Attorney General Focuses on Threats Posed by Technical-Support Fraud
PORTLAND, Ore.—Attorney General William P. Barr and U.S. Attorney Billy J. Williams today announced the largest coordinated sweep of elder fraud cases in history, surpassing last year’s nationwide sweep. The cases during this sweep involved more than 260 defendants from around the globe who victimized more than two million Americans, most of them elderly.
“Crimes against the elderly target some of the most vulnerable people in our society,” Attorney General William P. Barr said. “But thanks to the hard work of our agents and prosecutors, as well as our state and local partners, the Department of Justice is protecting our seniors from fraud. The Trump administration has placed a renewed focus on prosecuting those who prey on the elderly, and the results of today’s sweep make that clear. Today we are announcing the largest single law enforcement action against elder fraud in American history. This year’s sweep involves 13 percent more criminal defendants, 28 percent more in losses, and twice the number of fraud victims as last year’s sweep. I want to thank the Department’s Consumer Protection Branch, which led this effort, together with the Department’s Criminal Division, the more than 50 U.S. Attorneys’ offices, and the state and local partners who helped to make these results possible. Together, we are bringing justice and peace of mind to America's seniors.”
“Today’s sweep sends a clear message that the Department of Justice is determined to hold accountable criminals who prey on our elderly citizens,” said Billy J. Williams, U.S. Attorney for the District of Oregon. “I want to thank our law enforcement partners from across the federal government as well as the many state, local and tribal agencies here in Oregon who assisted in bringing these cases and helping to put an end to these shameful schemes.”
Three District of Oregon cases were included in the sweep:
U.S. v. Stevens et al.
On January 8, 2019, a federal grand jury returned a six-count indictment charging Portland couple Ronnie Stevens, 49, and Tina Ephrem, 43, with wire fraud after they conspired to defraud an elderly couple of money and property. Stevens and Ephrem stole more than $1.5 million from the adult victims and spent the proceeds on utility bills, restaurants, cigars, retail purchases and travel to locations including Hawaii, Anaheim, California, Las Vegas, Nevada and the Spirit Mountain Lodge in Grand Ronde, Oregon. The couple was arrested on January 11, 2019 and ordered detained pending a five-day jury trial beginning on June 10, 2019. Read more.
U.S. v. Gregory
On January 22, 2019, Rodney Paul Gregory, 64, of Lebanon, Oregon, pleaded guilty to one count each of wire fraud and money laundering for his role in online romance scams, some of which targeted the elderly. Between May 2017 and January 2019, Gregory acted as a money mule, receiving proceeds from various scams and wiring the money into overseas bank accounts. Gregory faces a maximum sentence of 20 years in prison, a $250,000 fine and three years’ supervised release and will be sentenced on April 4, 2019. Read more.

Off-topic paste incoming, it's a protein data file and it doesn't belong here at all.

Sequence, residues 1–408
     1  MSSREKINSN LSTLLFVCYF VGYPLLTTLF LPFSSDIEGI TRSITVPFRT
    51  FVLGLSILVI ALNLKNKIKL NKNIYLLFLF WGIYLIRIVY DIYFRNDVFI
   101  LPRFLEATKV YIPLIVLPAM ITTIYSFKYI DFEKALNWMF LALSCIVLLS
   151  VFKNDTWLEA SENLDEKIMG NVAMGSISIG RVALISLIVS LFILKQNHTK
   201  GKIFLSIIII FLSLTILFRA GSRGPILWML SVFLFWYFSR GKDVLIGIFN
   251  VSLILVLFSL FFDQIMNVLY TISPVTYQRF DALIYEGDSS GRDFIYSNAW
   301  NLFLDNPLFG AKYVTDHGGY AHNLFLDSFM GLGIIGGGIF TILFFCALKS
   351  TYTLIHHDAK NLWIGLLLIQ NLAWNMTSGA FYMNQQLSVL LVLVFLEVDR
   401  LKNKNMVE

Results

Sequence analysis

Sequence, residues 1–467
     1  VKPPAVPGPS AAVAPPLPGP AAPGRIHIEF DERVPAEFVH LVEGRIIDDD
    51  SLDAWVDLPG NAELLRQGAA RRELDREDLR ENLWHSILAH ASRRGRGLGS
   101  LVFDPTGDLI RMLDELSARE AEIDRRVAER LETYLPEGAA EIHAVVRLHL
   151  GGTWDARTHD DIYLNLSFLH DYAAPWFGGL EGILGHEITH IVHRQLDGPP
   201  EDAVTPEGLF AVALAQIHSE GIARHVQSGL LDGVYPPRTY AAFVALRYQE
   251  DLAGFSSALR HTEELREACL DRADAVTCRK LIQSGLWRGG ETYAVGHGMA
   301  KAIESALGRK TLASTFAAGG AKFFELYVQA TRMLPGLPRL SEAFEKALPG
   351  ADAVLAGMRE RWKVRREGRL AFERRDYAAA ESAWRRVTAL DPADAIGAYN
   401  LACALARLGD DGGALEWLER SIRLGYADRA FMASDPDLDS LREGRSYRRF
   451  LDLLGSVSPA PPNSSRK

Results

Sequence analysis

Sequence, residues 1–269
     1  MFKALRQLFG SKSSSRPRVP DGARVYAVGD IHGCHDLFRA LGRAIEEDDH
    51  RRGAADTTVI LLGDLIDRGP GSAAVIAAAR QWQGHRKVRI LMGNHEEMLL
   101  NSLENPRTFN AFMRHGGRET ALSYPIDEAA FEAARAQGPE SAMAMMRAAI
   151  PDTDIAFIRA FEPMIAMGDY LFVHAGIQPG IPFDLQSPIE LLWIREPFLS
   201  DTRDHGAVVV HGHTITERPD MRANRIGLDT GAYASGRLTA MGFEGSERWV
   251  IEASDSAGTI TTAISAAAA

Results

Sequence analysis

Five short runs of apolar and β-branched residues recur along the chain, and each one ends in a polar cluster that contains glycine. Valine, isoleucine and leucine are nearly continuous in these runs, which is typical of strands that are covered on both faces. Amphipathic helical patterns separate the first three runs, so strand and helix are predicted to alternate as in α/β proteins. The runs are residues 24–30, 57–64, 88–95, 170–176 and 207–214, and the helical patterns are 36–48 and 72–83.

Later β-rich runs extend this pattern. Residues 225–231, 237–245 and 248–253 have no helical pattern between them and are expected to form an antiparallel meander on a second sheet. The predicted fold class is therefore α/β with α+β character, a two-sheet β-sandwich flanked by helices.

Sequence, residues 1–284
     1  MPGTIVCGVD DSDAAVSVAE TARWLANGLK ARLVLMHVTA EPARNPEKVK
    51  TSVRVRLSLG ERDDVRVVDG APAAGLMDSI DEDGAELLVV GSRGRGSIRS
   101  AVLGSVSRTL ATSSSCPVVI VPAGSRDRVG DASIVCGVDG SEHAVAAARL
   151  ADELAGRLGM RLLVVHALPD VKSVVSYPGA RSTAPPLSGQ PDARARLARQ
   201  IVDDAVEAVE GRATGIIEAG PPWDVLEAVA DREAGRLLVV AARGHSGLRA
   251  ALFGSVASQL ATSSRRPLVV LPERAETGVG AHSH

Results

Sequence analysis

U.S. v. Tucker
On February 12, 2019, Tayva Tucker, 41, of Madras, Oregon, pleaded guilty to one count of theft of government funds for stealing nearly $40,000 in Social Security payments from ten mentally disabled adults. Tucker was employed by a social services organization where she oversaw outreach to mentally disabled clients as part of the organization’s mental health program. An organizational audit uncovered unusual movement of funds between various client accounts, as well as funds transferred from client accounts to Tucker. When confronted, Tucker admitted to taking clients’ Social Security benefits for her personal use. Tucker faces a maximum sentence of 10 years in prison, a $250,000 fine and three years’ supervised release and will be sentenced on April 25, 2019. Read more.
The Department took action in every federal district across the country, through the filing of criminal or civil cases or through consumer education efforts. In each case, offenders allegedly engaged in financial schemes that targeted or largely affected seniors. In total, the charged elder fraud schemes caused alleged losses of millions of more dollars than last year, putting the total alleged losses at this year’s sweep at over three fourths of one billion dollars.
The charges are merely allegations, and the defendants are presumed innocent unless and until proven guilty beyond a reasonable doubt in a court of law.
Since passage of the bipartisan Elder Abuse Prevention and Prosecution Act (EAPPA), the Department of Justice has participated in hundreds of enforcement actions in criminal and civil cases that targeted or disproportionately affected seniors. The Justice Department has likewise conducted hundreds of trainings and outreach sessions across the country since the passage of the Act.
A fact-sheet with technical-support fraud case information can be found here.
A fact-sheet with cases on mass mailing fraud can be found here.
A fact-sheet with examples of a few elder fraud cases involving extradition in which the Office of International Affairs played a substantial role can be found here.
Elder fraud complaints may be filed with the FTC at www.ftccomplaintassistant.gov or at 877-FTC-HELP. The Department of Justice provides a variety of resources relating to elder fraud victimization through its Office of Victims of Crime, which can be reached at www.ovc.gov.
Press release provided from United States Department of Justice.